Translation on this is via YouTube’s settings, so keep that in mind. But this just posted interview La Rosa Negra gave to Puerto Rico’s Contralona, the wrestler who new Impact World champion Tessa Blanchard is accused of spitting on and calling a racial slur during a 2017 backstage incident in Japanese promotion Stardom, needs to be considered in the ongoing conversation about Blanchard and racism & bullying in wrestling.
“When I saw those tweets, I was in shock and impressed because, since 2017, people have been pushing me to speak about something that isn’t necessary. I don’t like to talk about my personal life. I keep myself private. Reading all those fellow wrestlers tweets that supported me, and reading their names - it surprised me. Tweets from Renee Michelle, Sienna, Chelsea Green, Shanna and other female wrestlers about the comment made to me. And reading other non wrestlers comments, I said ‘I have to do something’ because it wasn’t how it says it was. Maybe people took it wrong. I don’t want to be overexposed with this. Female wrestlers know what really happened and why I didn’t say anything. Now, I want to clear things up.
I respected my work everywhere. About the comment, that every female has to respect themselves, it is right. But it didn’t come from the right person. Working in the US and Japan, I didn’t disrespect anybody. No female wrestlers, promoters, sponsors or any fan. That’s not me. People who know me know how I am. And the people I’ve worked for; NWA, Ring Warriors, Battling Bombshells, SHINE, Stardom, Marvelous, everywhere I’ve worked, they can tell you how I behave. I don’t like to talk mean about people. You won’t hear me talk bad about other wrestlers. I was there supporting people that helped me or didn’t. Because when you’re part of this business, you focus on yourself, your work, and work with respect. I don’t expect to receive any apologies. It’s not necessary. I erased what happened. I gave it to God. I took it out of myself. It saddens me that racism, envy, and bad things exist in sports. It is always there. As adults, when something bad happens, we can resolve things by talking. There’s always a solution. Mine was to forget what happened in that April 2017 in Japan.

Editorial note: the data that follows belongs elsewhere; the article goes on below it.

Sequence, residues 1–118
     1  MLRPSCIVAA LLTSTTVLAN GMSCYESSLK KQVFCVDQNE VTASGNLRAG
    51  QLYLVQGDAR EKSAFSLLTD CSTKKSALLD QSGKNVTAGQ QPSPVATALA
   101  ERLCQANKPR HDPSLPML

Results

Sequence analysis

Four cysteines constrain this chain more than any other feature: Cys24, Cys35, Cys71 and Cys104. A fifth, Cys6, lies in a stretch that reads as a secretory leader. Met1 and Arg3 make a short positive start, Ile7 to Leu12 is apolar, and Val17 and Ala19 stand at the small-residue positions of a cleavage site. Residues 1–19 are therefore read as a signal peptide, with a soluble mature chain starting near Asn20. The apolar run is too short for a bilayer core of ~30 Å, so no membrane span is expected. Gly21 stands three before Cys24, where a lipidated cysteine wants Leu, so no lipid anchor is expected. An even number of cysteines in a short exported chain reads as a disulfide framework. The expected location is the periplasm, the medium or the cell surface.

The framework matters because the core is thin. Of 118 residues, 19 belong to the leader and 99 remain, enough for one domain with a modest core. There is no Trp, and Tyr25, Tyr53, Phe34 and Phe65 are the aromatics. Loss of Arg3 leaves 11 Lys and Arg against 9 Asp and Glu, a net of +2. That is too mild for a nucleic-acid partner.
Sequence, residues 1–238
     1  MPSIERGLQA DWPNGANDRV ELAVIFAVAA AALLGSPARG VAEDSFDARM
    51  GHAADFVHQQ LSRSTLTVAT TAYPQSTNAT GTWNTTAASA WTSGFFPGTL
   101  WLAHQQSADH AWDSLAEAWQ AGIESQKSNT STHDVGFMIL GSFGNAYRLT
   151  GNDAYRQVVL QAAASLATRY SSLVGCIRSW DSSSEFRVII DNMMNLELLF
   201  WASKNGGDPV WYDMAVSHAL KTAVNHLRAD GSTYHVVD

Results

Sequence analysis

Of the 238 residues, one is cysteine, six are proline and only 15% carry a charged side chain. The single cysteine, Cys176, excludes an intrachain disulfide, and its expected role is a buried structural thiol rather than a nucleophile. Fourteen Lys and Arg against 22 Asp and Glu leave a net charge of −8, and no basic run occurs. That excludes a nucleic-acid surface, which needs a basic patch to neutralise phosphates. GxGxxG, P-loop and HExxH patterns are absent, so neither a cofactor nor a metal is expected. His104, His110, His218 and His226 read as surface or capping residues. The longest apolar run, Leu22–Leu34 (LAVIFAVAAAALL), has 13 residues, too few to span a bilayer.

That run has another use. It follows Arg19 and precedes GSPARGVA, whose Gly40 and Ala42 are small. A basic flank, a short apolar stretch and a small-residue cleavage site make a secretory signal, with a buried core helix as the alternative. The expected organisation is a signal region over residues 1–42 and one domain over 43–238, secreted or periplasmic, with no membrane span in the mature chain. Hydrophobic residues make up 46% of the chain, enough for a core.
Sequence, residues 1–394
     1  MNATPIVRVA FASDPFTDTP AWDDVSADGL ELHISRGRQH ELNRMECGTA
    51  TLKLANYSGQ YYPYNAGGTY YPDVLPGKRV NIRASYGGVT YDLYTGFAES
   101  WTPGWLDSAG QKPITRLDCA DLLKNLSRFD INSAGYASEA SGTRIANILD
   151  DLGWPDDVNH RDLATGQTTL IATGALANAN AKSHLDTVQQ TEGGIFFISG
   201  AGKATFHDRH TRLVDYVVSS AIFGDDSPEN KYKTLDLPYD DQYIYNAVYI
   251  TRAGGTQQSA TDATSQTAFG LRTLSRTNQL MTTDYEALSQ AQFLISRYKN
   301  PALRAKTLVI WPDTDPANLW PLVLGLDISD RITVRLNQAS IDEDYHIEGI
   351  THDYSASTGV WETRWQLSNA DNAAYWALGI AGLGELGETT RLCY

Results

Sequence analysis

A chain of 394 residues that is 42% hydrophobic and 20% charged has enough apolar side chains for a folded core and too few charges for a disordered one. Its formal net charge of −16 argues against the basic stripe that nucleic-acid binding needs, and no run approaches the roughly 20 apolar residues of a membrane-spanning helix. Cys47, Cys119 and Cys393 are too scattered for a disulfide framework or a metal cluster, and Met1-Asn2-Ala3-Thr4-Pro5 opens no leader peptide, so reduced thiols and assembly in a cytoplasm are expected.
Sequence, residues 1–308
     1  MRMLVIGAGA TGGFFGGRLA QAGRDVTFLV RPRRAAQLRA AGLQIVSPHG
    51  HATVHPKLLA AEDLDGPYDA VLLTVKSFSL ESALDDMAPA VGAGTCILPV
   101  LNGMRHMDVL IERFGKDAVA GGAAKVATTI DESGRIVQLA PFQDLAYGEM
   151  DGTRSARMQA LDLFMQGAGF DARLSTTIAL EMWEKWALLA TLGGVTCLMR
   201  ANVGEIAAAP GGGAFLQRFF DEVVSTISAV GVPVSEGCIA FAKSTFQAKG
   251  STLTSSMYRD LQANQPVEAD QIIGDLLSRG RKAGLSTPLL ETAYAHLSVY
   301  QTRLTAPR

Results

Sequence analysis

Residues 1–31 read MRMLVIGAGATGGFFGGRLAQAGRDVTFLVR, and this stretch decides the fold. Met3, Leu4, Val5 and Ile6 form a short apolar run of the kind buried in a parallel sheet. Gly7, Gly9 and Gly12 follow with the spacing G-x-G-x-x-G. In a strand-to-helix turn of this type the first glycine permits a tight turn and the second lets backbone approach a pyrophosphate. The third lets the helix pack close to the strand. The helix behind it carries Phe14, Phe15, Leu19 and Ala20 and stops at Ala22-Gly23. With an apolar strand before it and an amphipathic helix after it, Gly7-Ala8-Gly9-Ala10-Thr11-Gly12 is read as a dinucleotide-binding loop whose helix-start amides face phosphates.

I think this is a good experience for me because, now I know that I had a lot of backup. It is impressive. I didn’t know so many people knew about the situation until the Twitter thing. I feel fulfilled and tickled. I feel good and I know I achieved what I wanted. And nothing will dull everything I achieved alone.”
La Rosa Negra doesn’t mention Blanchard specifically, but doesn’t refute any of what is already out there (despite the phrase “it wasn’t how it says it was”, where whatever “it” refers to seems to have been lost in translation). If the scene with Tessa played out as the wrestlers mentioned reported it, La Rosa’s approach was to try to forget the incident until Blanchard’s tweet telling women to support each other brought it back up.
Per Allysin Kay, the first person to tweet the allegation, she was given permission by La Rosa to come forward. La Rosa telling Contralona she achieved what she wanted would appear to back that up.
It’s never the “right time” to come forward. It will always be difficult. There are always reasons not to. But there is no statute of limitations on someone’s pain. So many people bury their secrets for years out of fear; some forever. I encourage you to not stay silent forever.— Allysin Kay (@Sienna) January 12, 2020
Blanchard has not commented on the situation directly since tweeting a denial on Saturday.